1911 Encyclopædia Britannica/Gervase of Canterbury

GERVASE OF CANTERBURY (d. c. 1210), English monk and chronicler, entered the house of Christchurch, Canterbury, at an early age. He made his profession and received holy orders in 1163; but we have no further clue to the date of his birth. We know nothing of his life beyond what may be gathered from his own writings. Their evidence suggests that he died in or shortly after 1210, and that he had resided almost continuously at Canterbury from the time of his admission. The only office which we know him to have held is that of sacrist, which he received after 1190 and laid down before 1197. He took a keen interest in the secular quarrels of the Canterbury monks with their archbishops, and his earliest literary efforts were controversial tracts upon this subject. But from 1188 he applied his mind to historical composition. About that year he began the compilation of his Chronica, a work intended for the private reading of his brethren. Beginning with the accession of Stephen he continued his narrative to the death of Richard I. Up to 1188 he relies almost entirely upon extant sources; but from that date onwards is usually an independent authority. A second history, the Gesta Regum, is planned on a smaller scale and traces the fortunes of Britain from the days of Brutus to the year 1209. The latter part of this work, covering the years 1199–1209, is perhaps an attempt to redeem the promise, which he had made in the epilogue to the Chronica, of a continuation dealing with the reign of John. This is the only part of the Gesta which deserves much attention. The work was continued by various hands to the year 1328. From the Gesta the indefatigable Gervase turned to a third project, the history of the see of Canterbury from the arrival of Augustine to the death of Hubert Walter (1205). A topographical work, with the somewhat misleading title Mappa mundi, completes the list of his more important writings. The Mappa mundi contains a useful description of England shire by shire, giving in particular a list of the castles and religious houses to be found in each. The industry of Gervase was greater than his insight. He took a narrow and monastic view of current politics; he was seldom in touch with the leading statesmen of his day. But he appears to be tolerably accurate when dealing with the years 1188–1209; and sometimes he supplements the information provided by the more important chronicles.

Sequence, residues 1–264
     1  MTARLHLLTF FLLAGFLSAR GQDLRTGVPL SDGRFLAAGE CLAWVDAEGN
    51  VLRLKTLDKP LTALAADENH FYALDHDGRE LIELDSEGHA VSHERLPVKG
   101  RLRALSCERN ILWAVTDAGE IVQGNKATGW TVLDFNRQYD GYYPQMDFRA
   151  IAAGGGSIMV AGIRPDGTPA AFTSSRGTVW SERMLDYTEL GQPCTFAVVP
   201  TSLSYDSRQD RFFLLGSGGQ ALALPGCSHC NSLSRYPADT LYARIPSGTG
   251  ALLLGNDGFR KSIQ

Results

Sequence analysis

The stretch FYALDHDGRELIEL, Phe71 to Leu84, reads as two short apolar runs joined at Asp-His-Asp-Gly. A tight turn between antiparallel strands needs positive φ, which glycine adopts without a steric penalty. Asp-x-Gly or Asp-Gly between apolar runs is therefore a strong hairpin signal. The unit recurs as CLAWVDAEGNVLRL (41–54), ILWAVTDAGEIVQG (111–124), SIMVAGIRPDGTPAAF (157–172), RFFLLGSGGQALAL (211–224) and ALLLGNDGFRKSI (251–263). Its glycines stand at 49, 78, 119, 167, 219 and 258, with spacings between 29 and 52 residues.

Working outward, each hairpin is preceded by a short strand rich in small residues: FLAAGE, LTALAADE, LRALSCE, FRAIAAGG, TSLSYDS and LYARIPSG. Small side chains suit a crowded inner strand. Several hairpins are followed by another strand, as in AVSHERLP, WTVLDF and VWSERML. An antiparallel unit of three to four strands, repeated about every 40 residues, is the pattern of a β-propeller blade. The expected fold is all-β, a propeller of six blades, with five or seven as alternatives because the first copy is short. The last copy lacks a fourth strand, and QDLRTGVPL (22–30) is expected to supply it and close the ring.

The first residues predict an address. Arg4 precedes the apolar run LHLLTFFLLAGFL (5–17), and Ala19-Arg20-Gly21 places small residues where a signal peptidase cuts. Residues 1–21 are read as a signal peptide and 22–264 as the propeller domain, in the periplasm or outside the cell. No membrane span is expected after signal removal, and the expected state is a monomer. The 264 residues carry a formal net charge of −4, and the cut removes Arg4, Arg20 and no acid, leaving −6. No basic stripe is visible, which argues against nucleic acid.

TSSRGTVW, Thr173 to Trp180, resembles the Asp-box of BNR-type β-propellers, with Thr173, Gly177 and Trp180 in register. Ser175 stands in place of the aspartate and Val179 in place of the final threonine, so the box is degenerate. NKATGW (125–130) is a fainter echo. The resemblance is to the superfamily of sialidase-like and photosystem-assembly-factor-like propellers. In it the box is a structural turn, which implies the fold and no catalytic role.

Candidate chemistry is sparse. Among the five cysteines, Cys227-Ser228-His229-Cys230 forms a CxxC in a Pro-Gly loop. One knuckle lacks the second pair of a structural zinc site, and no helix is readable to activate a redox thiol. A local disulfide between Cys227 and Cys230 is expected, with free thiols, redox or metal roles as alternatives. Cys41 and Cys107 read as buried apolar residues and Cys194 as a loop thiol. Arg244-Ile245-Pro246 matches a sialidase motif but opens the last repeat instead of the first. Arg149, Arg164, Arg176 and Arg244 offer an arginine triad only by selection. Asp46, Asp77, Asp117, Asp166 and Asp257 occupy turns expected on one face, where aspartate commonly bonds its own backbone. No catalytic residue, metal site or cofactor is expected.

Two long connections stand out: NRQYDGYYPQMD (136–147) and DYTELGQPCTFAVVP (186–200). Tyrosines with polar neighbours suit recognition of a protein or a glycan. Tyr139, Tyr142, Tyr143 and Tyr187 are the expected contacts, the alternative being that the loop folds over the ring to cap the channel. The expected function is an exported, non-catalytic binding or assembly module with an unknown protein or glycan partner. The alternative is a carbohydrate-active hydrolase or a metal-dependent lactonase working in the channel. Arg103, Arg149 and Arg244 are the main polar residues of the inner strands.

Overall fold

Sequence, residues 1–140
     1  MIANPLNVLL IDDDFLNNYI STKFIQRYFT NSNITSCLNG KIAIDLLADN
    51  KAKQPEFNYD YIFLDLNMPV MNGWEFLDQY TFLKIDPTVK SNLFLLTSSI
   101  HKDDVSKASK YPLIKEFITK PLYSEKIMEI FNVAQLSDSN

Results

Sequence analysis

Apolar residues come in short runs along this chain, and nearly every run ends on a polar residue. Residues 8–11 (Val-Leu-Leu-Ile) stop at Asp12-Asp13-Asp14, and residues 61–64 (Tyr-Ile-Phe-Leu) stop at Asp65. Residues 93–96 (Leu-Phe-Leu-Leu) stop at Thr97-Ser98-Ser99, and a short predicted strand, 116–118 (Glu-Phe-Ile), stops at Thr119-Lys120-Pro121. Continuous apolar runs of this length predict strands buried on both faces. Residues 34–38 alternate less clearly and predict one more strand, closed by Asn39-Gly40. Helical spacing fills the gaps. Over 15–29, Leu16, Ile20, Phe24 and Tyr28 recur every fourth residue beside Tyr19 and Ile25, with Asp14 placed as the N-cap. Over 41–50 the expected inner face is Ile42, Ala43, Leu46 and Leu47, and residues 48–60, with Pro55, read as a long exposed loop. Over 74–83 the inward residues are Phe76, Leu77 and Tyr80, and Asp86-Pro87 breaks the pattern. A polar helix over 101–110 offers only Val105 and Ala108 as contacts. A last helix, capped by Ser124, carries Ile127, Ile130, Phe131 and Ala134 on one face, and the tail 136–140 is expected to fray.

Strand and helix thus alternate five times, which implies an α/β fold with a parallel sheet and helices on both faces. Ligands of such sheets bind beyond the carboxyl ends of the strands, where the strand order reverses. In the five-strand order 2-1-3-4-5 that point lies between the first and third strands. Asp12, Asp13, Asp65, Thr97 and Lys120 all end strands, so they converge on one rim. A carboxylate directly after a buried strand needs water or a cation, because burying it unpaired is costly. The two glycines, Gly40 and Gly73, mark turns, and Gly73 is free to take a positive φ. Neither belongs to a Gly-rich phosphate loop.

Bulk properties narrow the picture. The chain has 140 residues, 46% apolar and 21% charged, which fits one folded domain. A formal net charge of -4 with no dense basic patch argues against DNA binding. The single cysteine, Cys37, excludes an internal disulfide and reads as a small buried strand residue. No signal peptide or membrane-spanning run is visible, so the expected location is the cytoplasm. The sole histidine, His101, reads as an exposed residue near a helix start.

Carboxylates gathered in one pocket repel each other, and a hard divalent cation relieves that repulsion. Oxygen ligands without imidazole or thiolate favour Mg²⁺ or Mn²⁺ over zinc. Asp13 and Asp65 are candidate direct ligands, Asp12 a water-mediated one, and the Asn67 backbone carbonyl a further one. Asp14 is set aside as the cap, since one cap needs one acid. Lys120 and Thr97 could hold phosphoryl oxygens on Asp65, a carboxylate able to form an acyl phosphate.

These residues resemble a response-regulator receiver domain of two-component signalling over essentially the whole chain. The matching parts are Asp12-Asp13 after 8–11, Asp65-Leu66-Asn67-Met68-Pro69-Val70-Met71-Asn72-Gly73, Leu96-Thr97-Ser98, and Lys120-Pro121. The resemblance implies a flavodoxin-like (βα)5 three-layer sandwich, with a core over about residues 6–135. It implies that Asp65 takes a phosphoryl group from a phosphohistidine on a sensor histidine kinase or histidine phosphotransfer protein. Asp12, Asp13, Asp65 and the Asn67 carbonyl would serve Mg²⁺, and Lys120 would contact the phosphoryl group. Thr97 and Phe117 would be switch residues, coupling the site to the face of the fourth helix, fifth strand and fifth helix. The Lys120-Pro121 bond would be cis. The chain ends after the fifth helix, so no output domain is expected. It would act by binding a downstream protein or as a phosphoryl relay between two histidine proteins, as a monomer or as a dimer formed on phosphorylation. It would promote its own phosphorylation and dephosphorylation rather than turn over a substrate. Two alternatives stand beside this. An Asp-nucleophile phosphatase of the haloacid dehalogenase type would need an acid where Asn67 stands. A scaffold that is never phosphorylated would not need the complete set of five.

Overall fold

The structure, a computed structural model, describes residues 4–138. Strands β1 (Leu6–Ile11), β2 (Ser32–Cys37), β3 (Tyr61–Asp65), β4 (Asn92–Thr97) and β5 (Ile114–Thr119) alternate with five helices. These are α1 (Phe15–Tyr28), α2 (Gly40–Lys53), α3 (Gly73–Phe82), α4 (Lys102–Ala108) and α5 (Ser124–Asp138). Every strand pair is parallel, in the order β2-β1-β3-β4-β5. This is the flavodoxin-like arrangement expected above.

See the introductions and notes in W. Stubbs’s edition of the Historical Works of Gervase of Canterbury (Rolls edition, 2 vols., 1879–1880).  (H. W. C. D.)